On the other hand it was held in Latchayya v. Seethamma, AIR 1932 Mad 275 (D), that such a mistake in the decree cannot be rectified by a separate suit, but that the correct remedy of the aggrieved party was to go to the Court which passed the decree and apply for the amendment of the plaint and after the plaint is amended to apply for a review of the decree, or in the alternative for the amendment of the decree under Section 152, C. P. C. The learned Senior Civil Judge followed the Madras case AIR 1932 Mad 275 (D). On behalf of the appellants it is urged that the Calcutta view AIR 1921 Cal 730 (C), is the more correct one. The argument in the Calcutta case proceeds thus :
'In principle, the answer should clearly be in the affirmative, for as Neville, J., observed in Thompson v. Hickman, 1907-1 Ch 550 (E), to grant relief by way of rectification where the error has crept into one document and refuse it where it is embodied in two, is inconsistent with equitable principles, for equity regards the substance rather than the form of transaction.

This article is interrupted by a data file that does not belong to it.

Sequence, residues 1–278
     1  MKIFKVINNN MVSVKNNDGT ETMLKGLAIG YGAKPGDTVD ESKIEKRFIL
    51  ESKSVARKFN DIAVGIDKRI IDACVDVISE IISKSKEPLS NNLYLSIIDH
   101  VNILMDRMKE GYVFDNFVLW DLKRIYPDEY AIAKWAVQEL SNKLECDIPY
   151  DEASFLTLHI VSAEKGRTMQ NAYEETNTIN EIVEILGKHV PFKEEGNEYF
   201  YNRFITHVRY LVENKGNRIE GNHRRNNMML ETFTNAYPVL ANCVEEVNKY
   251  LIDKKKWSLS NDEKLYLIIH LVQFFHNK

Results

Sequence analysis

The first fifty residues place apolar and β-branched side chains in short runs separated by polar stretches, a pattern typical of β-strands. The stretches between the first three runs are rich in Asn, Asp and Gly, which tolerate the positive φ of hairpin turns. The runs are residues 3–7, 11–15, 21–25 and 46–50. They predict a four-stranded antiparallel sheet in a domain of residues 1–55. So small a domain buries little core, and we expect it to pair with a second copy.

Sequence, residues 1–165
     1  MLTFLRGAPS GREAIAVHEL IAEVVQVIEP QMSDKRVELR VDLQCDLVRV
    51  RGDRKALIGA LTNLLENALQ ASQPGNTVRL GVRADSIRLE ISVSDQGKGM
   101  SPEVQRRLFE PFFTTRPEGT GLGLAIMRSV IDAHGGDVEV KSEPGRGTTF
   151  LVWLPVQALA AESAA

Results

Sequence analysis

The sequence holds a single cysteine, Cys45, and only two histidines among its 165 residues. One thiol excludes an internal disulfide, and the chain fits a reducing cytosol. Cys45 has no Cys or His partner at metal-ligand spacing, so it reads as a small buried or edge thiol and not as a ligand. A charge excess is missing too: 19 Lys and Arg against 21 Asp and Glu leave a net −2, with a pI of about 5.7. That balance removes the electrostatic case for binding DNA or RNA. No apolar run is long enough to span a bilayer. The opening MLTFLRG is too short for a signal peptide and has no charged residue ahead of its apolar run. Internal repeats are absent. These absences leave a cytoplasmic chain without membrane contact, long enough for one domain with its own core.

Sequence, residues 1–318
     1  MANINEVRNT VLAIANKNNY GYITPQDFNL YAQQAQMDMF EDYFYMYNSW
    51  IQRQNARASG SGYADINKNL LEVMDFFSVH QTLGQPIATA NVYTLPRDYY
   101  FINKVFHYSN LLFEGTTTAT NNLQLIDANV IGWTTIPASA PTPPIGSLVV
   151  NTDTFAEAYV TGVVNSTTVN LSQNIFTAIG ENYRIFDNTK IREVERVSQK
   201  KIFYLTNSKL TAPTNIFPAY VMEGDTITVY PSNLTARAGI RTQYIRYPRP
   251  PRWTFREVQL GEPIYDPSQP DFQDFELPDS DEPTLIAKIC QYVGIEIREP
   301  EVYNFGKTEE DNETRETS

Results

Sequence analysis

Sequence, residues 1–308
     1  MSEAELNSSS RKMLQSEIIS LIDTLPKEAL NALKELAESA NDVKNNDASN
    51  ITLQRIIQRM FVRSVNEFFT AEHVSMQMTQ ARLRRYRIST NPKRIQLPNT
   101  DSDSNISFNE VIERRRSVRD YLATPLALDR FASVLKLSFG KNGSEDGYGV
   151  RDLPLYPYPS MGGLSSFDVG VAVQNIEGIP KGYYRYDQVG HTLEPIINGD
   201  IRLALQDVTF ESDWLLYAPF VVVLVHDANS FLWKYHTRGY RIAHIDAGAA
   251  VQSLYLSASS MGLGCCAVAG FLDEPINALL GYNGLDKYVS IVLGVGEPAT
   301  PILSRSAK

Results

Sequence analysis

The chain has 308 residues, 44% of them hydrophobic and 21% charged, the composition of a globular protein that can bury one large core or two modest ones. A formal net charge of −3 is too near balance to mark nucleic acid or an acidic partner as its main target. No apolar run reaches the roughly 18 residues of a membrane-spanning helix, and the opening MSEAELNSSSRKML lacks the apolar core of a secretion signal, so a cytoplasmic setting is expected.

There is no substantial reason for instance, why we should not hold that where the same mutual mistake has been repeated in each one of a chain of conveyances, under such circumstances as to entitle any one of the purchasers to a reformation as against his immediate vendor, equity may work back through all, and entitle the last purchaser to a reformation against the original grantor. Similarly, it may be held as a general rule that if there is a mutual mistake in a mortgage in the description of property and the same mistake is reproduced in the decree, equity may go back to the original transaction and reform both the mortgage and the decree so as to make them conform to the intention of the parties concerned; and this view was actually adopted in Balaprasad v. Kanoo, 14 Ind Cas 407 (Nag) (F).'
13. Some cases relied upon by the learned Judges of the Madras High Court were such in which the mistake in the decree was on the part of the Judge. They are clearly distinguishable from the present case where there is no mistake in the decree on the part of the Judge. Apart from these cases the learned Judegs gave two reasons for not following Bepin Krishna Ray v. Joge-shwar Ray (C). The first reason was that there was no English precedent in support of the view.